Thursday, November 24, 2011

Mgrelian Sunday Dinner

I came home on Sunday evening to find my family cooking up a real Mgrelian dinner. Within Georgia, there are many groups of people with their own traditions. I live in the region called Samgrelo and the local dialect is called Mgrelian. While it’s a relative of the Georgian language, the two are not mutually intelligible. Locals here speak Georgian in school and work and about town, but speak Mgrelian at home and when spending time with friends. The Samgrelo region also has certain foods that are particular to the region and Sunday’s dinner featured one of the most famous of them, ghome, which is basically “grits” which are eaten in the southern part of the US. It’s made with cornmeal, which has been boiled for a long time until it becomes a gooey substance. Then it is usually eaten with cheese or dipped in various sauces, whatever happens to be available on the table. 

I’ve had ghome before, at weddings and supras, but I’d never seen how it was made. I came home just in time to see the process. It’s pretty simple.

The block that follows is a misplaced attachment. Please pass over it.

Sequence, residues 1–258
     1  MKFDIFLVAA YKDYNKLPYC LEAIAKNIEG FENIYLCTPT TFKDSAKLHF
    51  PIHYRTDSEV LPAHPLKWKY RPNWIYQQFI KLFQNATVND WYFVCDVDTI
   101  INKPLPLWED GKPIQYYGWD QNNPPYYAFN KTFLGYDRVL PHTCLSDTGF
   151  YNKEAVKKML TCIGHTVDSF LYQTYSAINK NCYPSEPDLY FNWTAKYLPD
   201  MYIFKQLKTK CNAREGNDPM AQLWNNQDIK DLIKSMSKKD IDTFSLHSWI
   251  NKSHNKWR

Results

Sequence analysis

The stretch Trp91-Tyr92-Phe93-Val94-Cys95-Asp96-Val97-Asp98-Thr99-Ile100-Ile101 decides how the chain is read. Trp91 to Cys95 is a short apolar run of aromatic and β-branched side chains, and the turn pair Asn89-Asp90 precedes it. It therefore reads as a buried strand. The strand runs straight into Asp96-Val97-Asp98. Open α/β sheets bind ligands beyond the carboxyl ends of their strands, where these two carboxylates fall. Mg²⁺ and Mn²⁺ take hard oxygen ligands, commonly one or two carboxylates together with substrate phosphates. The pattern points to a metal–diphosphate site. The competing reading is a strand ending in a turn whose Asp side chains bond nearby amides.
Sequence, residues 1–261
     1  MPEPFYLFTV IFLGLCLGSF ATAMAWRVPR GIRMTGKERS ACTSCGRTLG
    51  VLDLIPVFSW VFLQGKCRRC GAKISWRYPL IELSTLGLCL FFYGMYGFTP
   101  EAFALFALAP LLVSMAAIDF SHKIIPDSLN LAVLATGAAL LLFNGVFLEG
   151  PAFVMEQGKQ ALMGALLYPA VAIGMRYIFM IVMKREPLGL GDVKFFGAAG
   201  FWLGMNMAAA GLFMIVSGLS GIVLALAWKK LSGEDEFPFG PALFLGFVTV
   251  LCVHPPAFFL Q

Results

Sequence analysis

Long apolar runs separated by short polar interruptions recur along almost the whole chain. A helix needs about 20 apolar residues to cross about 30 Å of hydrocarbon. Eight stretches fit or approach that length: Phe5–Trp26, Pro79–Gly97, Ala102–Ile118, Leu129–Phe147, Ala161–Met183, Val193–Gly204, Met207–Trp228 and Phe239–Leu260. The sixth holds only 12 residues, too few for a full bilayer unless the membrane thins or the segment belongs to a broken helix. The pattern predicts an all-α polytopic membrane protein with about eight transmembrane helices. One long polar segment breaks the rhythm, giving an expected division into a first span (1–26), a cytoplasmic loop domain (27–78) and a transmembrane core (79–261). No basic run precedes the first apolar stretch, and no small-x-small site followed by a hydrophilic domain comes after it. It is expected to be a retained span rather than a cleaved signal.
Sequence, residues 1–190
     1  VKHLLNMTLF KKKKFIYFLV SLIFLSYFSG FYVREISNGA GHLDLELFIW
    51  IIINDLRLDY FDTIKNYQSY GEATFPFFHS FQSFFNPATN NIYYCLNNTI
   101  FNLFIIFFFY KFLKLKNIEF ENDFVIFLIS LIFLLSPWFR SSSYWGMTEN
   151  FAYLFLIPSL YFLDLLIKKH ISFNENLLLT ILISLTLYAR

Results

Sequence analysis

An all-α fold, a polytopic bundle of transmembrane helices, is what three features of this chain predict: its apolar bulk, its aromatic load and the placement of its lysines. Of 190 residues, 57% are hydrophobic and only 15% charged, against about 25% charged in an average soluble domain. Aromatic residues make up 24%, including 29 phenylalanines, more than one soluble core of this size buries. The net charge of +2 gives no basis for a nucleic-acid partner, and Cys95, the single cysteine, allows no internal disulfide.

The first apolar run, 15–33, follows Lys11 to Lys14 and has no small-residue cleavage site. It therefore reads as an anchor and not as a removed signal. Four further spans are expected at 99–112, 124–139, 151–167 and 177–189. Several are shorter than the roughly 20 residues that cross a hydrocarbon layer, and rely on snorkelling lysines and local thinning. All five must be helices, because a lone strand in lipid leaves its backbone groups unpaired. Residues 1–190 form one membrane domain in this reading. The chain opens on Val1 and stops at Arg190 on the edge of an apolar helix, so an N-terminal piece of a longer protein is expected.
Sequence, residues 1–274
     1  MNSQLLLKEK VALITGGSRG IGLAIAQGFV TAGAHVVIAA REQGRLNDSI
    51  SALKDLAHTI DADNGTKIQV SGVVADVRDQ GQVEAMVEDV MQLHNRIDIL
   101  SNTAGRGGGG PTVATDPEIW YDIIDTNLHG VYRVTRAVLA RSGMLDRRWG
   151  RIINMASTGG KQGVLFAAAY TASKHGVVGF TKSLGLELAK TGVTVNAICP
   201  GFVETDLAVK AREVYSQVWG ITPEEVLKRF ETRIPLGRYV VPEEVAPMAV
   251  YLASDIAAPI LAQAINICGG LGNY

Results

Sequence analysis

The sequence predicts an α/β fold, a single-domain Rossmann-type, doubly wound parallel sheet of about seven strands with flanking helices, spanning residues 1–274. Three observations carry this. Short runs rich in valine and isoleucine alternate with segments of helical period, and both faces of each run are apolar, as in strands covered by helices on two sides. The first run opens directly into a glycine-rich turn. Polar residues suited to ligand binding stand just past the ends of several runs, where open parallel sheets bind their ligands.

First you put some cornmeal in a pot with lots and lots of water, then let it cook for a long time, stiring occasionally. Generally white corn flour is used rather than yellow corn flour, but as you can see here, yellow cornmeal is also good.

You can add more corn meal if it’s not thick enough. It should be very gooey, not liquid at all. Kind of like thick oatmeal.

Then serve on a small plate. Preferably, with a piece of cheese or two thrown in while it’s still piping hot so that the cheese melts into the ghome.

After it was served, they left the remaining ghome on the stove and it hardened and basically became tortilla chips!

In addition to this, we had baked chicken, preserved “Mexican cucumber” (whatever that is… it’s not an identifiable vegetable for me, but it certainly doesn’t look like a cucumber), beans and, of course, bread.


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